The other day (July 2) I wrote that although the drop in net employment for June was far worse than expected, all was not lost, because the front end of the employment machine, new jobless claims was improving.
But over the weekend I read a couple of articles from very smart people that made me think otherwise. First, consider the net-net of employment and recessions over the past 70 years:
The graph plots nonfarm employment in the US since 1940. (Pardon its lumpiness.)
The circles denote recessions, and the red circles indicate the most severe ones, along with the net percentage of jobs lost, from the peak of employment to the trough. (That does not coincide with the peak and trough of each recession, but it's close.)
The biggest job loss was in the switch from a wartime to a civilian economy in 1945, a 10 percent drop, from which there was a quick recovery. Ranked by severity, after that was a 5.2 percent drop in 1949, and then ... today. In terms of net job losses, the comparison we have been fearing all these months, the recession of 1982, at 3.1 percent, is by now far in the rear-view mirror.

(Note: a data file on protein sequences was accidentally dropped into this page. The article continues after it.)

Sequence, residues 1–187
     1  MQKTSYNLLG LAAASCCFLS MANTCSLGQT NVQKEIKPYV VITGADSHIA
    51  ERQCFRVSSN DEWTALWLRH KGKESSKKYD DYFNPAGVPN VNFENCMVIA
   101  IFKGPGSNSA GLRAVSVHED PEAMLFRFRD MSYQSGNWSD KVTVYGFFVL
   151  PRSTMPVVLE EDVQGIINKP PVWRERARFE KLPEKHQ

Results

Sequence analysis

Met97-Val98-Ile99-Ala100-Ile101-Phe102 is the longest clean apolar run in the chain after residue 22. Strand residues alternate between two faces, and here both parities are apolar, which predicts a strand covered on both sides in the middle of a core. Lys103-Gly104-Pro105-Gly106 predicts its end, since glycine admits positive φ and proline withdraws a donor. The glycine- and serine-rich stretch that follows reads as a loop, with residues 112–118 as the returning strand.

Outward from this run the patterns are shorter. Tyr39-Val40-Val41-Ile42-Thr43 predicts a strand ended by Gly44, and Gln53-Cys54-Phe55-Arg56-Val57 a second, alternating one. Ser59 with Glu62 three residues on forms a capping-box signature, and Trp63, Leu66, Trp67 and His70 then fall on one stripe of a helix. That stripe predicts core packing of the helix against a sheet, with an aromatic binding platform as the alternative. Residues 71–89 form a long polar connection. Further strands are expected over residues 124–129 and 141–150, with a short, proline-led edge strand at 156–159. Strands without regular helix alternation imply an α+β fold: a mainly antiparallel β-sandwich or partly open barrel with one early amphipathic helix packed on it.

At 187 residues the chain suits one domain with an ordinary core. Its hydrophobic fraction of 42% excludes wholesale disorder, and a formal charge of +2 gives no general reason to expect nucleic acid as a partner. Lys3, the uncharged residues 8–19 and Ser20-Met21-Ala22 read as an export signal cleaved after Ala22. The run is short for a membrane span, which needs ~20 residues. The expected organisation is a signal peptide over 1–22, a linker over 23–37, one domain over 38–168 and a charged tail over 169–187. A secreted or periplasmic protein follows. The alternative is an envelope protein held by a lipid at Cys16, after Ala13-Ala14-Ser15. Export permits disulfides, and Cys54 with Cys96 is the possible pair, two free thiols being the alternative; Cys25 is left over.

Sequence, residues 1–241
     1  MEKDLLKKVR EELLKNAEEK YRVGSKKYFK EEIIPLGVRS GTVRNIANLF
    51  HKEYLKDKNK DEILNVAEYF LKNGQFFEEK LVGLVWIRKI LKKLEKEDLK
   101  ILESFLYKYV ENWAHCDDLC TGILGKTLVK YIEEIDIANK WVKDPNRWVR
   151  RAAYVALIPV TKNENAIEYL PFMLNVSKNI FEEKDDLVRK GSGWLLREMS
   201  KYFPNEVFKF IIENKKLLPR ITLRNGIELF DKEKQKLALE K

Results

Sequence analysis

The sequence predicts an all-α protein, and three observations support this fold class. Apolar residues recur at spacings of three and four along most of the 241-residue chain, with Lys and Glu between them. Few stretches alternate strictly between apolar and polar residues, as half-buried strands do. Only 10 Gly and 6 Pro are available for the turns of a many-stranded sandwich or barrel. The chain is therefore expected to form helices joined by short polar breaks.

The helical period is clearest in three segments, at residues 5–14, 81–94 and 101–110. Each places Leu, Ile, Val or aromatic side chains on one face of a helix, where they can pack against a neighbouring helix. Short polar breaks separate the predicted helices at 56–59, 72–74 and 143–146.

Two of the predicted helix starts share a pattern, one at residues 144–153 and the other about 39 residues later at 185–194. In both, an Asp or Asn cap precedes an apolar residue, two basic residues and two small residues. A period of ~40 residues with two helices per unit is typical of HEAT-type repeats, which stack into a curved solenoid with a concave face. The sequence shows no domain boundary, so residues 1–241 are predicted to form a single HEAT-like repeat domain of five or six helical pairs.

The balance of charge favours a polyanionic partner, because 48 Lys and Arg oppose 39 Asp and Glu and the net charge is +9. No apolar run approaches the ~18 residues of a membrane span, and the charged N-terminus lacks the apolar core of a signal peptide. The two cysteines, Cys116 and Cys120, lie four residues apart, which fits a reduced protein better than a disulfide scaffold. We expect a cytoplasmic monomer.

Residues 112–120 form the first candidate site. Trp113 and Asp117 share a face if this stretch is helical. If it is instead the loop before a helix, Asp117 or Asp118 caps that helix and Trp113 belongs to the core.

Again, the disappointment Thursday was not the fact of a month-to-month decrease in net employment; it was that the 467,000-job loss was so much worse than expectations -- 350,000 -- and that the losses were widespread.
In the Financial Times on Friday, columnist John Authers observed that the May report, which brought some green-shoot optimism, was likely a fluke. He adds that rate cuts by the central bank of Sweden, and more important, that
the calm words from the European Central Bank, make clear that it is too early for exit strategies [from fiscal stimulus].More compelling was an op-ed article from Mohamed El-Erian, chief executive of PIMCO, an enormous investment management company, specializing in bonds. Typically, he states, the net job losses are viewed as a lagging indicator, and explains:
After all, unemployment is a reflection of decisions taken earlier in the cycle so the rate always lags behind the realities on the ground - or so says conventional wisdom.However, El-Erian cautions:
There are rare occasions, such as today, when we should think of the unemployment rate as much more than a lagging indicator; it has the potential to influence future economic behaviours and outlooks.
Today's broader interpretation is warranted by two factors: the speed and extent of the recent rise in the unemployment rate; and, the likelihood that it will persist at high levels for a prolonged period of time. As a result, the unemployment rate will increasingly disrupt an economy that, hitherto, has been influenced mainly by large-scale dislocations in the financial system.In other words, El-Erian is saying, the end of the financial crisis may only be the closing curtain on Act I.